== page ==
Animals have been associated with humans for at least fifty thousand years, initially perhaps as scavengers, then as working companions, as domesticated sources of food, and finally as pets and sources of pleasure (Lorenz, 1965). It is reasonable to assume an evolutionary advantage accrued to humans who maintained a beneficial relationship with animals, that is, humans who used animals profitably may have been able to reproduce at a greater rate than those who did not make use of animals. Although genes involved in behavior have yet to be mapped, if there is any genetic component of human behavior, animal association would have been selected for by the differential reproduction rate (Barash, 1977; Trivers, 1985) and modern humans would be genetically predisposed to keep and derive comfort from animals. Indeed, even though vast numbers of urban and suburban dwelling humans have no economic need to keep animals these days, a very large proportion of them do keep one or more companion animals. To a great many people, animals are important members of the family (Beck and Katcher, 1983), and to an increasingly large number of people animals are the only other members of their family. The use of animals as part of a therapeutic team to treat a number of behavioral disorders or eliminate undesirable behaviors is a natural progression in the historical human-animal relationship.

The results of this pet visitation program were, beyond doubt, positive. A note of caution is necessary. This study had the advantage of an institution with a cooperative administration and start: Experience and the literature indicate that most institutions are not at all amenable to the introduction of animals of any type. The volunteers who transported, maintained, and handled the animals were consistent in their commitment to the study. Their assistance is gratefully acknowledged. It is conceivable that volunteers alone, without animals, would have provided the same results, although post study conversations with the subjects indicate this is unlikely. A two-group experiment (volunteers only vs. volunteers with animals) would probably provide an answer.

A second note of caution relative to the animals is also necessary. The animals used in this study were chosen for their gentleness and their benign behavior towards humans. They all appeared to enjoy associating with humans, but they were all under constant observation of the volunteers for any sign of stress or fatigue. If any such signs appeared the animal was immediately retired to a quiet room where it was able to rest and quench its thirst. It is possible that some animal visitation programs do not have the benefit of trained and/or knowledgeable volunteers and, therefore, allow animals to become extremely stressed and uncooperative. This is completely unacceptable for the animal and would probably have a negative effect on the humans whom the animal was visiting. This study is an initial attempt to quantify the results of a Pet Facilitated Therapy intervention, and, as such, a further note of caution related to the design of this study must be stated. Subject self-selection and the absence of a control group always dilute the strength of results, and this study is not an exception. Observations of a control group during the program period, or base line observations for some extended period would have made our results much stronger, but because of the nature of the population and the institution, these measures were not possible. The institution allowed our work with their residents on the condition that all who wanted to participate, but only those who did want to participate would be able to do so. This, of course, precluded a control group. Prior base line observations would have been helpful, but the professional staff were not amenable to the additional work.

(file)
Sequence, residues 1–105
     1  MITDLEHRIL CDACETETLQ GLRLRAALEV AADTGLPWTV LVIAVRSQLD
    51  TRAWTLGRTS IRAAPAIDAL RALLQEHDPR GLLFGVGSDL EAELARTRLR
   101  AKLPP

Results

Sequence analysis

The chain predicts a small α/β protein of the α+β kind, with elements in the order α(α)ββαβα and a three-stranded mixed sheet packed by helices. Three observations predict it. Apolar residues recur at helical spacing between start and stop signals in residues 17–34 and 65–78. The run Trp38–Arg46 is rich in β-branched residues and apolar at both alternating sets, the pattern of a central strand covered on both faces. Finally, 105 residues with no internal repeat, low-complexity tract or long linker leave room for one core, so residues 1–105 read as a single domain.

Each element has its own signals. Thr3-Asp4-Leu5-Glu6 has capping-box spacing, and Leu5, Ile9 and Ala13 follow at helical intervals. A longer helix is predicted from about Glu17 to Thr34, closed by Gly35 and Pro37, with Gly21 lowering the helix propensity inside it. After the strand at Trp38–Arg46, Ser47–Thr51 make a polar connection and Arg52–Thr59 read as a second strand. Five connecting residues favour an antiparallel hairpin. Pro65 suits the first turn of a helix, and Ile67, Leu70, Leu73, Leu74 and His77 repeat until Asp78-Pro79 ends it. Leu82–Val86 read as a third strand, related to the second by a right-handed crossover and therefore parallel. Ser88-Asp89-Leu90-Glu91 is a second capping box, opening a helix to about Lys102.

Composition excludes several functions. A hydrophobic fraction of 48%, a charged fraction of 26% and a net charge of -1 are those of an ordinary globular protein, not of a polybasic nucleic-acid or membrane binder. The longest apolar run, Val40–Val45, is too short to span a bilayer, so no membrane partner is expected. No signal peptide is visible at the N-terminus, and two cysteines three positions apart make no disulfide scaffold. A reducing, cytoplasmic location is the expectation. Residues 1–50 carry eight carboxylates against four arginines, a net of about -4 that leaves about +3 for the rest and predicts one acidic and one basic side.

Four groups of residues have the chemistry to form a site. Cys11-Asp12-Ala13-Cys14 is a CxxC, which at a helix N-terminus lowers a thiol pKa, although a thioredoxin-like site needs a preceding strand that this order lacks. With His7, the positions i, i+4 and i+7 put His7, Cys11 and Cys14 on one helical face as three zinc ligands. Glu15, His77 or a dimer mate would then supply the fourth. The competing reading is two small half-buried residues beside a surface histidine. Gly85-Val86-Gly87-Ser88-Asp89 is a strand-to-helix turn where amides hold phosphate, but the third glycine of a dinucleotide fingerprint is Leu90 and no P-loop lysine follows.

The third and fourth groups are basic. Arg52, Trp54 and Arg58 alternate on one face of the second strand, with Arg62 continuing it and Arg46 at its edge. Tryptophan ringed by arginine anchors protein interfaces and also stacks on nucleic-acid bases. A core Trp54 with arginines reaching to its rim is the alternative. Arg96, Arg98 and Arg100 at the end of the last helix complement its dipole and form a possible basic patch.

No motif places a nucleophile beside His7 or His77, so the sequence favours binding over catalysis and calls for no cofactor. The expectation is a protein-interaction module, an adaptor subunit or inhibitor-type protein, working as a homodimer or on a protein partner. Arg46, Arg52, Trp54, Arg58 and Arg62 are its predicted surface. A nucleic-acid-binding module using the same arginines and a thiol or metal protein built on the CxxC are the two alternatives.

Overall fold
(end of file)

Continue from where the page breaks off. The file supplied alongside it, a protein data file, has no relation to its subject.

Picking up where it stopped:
From the results of this study and similar results reviewed above it appears that animals introduced into an institutional environment do provide The catalyst for positive social behavior change. The animals seem to provide a unique contribution to the institutional environment, one that reduces inhibitions against social contact by males and, to a lesser degree, by females. This can be a result of earlier (perhaps happier) life experiences with animals, or perhaps some component of humans' genetic endowment is programmed for positive association with animals.

Note

1. Correspondence should be sent to Ira Perelle, Department of Psychology, Mercy College, Dobbs Ferry, NY 10522.

References